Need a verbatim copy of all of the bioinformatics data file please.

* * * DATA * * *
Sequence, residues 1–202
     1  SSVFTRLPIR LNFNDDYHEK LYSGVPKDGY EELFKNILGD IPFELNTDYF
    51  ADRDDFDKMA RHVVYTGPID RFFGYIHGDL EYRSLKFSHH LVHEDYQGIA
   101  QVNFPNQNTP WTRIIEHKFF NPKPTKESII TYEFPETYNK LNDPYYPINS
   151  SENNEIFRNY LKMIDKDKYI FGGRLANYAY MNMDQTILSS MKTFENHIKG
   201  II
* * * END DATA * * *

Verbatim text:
Sequence, residues 1–202
     1  SSVFTRLPIR LNFNDDYHEK LYSGVPKDGY EELFKNILGD IPFELNTDYF
    51  ADRDDFDKMA RHVVYTGPID RFFGYIHGDL EYRSLKFSHH LVHEDYQGIA
   101  QVNFPNQNTP WTRIIEHKFF NPKPTKESII TYEFPETYNK LNDPYYPINS
   151  SENNEIFRNY LKMIDKDKYI FGGRLANYAY MNMDQTILSS MKTFENHIKG
   201  II